Boys in the 'Hood' Editorial
Stabroek News
May 28, 2002

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Quite by coincidence, in the same issue last week, Stabroek News carried a letter from 'Helpless Parent' - a mother being given the run around to collect child support payments - and an announcement from the National Commission on the Rights of the Child (NCRC) that it would hold the first ever parenting workshop for fathers in Guyana on Thursday. Kudos to Chairperson of the NCRC, First Lady Varshnie Jagdeo, and its members. This is long overdue.

The press release from the NCRC intimated that this workshop would not be the first and only, as it stated that male representatives from various regions would be expected to pass on the skills learnt at similar fora in their areas. It is hoped that among the topics listed for discussion will be the need for fathers to not only love their children, but to express it. In fact it should perhaps be the underlying theme.

The letter from 'Helpless Parent' should be viewed as a cry for help. In it the hurt mother rails against an uncaring father who has only made one direct payment to support his child in three years. Between the lines emerges the picture of a child (maybe a boy?) who never receives a hug, a kiss, an encouraging word, from the man who helped make his life possible. No birthday or Christmas cards or presents; no ice-cream outings, sweets or pocket money; no playing ball, riding lessons, homework help; no going fishing, swimming, taking long walks; no bonding, no nothing. And this child is just one of many hundred, perhaps thousand children with absentee fathers - a statistic.

Court records, if they can be found, will reveal that the same problem existed 20, 30, or even 40 years ago. Is it any wonder that the cycle continues? Is it any wonder that boys in the (father) hood, masquerading as fathers, do not grasp the concept?

The word on the street is that it is fashionable to have a "youth". Some it would seem only require evidence of their fertility and move on once the deed is done. Other show up occasionally and strut around with their "trophy" until that palls. Yet others do double rings, diapers and dedication, but they are in the minority.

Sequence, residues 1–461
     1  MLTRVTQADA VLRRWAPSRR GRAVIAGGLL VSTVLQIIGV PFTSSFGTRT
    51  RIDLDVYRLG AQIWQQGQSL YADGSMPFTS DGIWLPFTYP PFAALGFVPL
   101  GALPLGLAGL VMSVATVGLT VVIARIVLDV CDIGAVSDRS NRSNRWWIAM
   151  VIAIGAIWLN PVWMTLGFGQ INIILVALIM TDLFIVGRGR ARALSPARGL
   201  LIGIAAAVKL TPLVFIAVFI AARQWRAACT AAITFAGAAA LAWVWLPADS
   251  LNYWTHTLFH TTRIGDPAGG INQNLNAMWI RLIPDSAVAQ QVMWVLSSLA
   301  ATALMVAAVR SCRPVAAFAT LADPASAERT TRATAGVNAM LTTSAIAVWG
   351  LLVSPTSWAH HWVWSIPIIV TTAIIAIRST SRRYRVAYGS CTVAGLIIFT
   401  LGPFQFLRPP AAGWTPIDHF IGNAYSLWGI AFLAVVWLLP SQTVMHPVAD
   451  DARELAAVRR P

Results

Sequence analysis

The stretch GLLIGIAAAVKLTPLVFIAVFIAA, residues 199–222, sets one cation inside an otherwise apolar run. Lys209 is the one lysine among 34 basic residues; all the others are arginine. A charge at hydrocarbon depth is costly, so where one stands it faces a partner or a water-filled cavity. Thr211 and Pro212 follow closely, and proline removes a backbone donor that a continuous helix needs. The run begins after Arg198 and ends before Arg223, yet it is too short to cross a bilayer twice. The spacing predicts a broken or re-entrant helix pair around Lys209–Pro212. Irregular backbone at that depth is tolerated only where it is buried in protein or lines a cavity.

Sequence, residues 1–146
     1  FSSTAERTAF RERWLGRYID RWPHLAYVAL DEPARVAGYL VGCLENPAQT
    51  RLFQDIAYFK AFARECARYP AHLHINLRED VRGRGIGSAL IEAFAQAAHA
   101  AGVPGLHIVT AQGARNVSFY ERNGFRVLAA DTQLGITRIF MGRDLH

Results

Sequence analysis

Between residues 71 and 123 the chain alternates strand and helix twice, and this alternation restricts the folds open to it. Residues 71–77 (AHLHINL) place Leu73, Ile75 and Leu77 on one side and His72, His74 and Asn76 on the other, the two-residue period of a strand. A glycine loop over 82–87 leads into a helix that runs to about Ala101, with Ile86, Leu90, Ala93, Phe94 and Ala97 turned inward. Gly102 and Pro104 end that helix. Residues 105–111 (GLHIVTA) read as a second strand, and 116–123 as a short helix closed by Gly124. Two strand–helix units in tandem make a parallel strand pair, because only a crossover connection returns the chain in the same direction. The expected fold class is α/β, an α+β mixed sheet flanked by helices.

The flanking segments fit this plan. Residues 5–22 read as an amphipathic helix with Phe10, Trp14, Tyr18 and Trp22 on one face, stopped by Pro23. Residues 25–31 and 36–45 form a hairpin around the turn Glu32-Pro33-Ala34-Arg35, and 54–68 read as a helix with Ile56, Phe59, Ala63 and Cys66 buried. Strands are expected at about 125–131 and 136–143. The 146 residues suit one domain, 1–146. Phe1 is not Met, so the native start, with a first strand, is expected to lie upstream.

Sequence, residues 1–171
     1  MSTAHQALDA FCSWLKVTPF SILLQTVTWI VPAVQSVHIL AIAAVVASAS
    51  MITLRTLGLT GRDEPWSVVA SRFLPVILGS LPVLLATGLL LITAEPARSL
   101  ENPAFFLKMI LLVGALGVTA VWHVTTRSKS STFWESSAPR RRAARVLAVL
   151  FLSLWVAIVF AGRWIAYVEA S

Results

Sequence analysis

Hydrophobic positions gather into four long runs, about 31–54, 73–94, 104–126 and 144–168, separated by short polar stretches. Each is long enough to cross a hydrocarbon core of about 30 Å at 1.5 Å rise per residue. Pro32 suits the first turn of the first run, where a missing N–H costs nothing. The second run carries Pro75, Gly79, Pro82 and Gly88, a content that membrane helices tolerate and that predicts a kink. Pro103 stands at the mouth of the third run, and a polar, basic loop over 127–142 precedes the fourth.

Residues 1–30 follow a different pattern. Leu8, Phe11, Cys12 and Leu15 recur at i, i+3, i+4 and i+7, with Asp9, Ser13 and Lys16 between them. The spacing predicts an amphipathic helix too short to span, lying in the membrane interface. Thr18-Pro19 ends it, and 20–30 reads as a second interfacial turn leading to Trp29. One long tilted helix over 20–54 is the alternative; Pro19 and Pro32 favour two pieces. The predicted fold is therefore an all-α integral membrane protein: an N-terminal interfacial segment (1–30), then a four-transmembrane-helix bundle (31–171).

These descriptions do not only fit Guyanese. The problem is endemic worldwide. Different approaches have been taken to reducing the incidence. Among them are taking parenting classes into schools, in recognition that many children have no role models. Perhaps this can be explored here.

With regard to fatherhood, Father's Day is to be celebrated on June 17, this year. According to, Father's Day originated when "Sonora Louise Smart Dodd, of Spokane, Washington, heard a sermon on the merits of setting aside a day to honour one's mother. It gave her the idea to petition for a day to honour fathers, and in particular, her own father, William Jackson Smart, who had raised her and her five siblings by himself, after her mother died in childbirth. With support from the Spokane Ministerial Association and the YMCA, her efforts paid off, and on June 19, 1910, the first Father's Day was celebrated in Spokane. The rose was selected as the official Father's Day flower, and some suggest that people wear a white rose to honor a father who is deceased, and a red one for a father who is living. In 1972, Richard Nixon signed a presidential proclamation declaring the third Sunday of June as Father's Day."

The conceptualization of Father's Day was to honour a father who was both father and mother. However, the commercialization of the day over the years has put paid to that. But it can be different. Father's Day could the beginning of new relationships between men and their children. The parenting workshop for men could prove to be a wake-up call.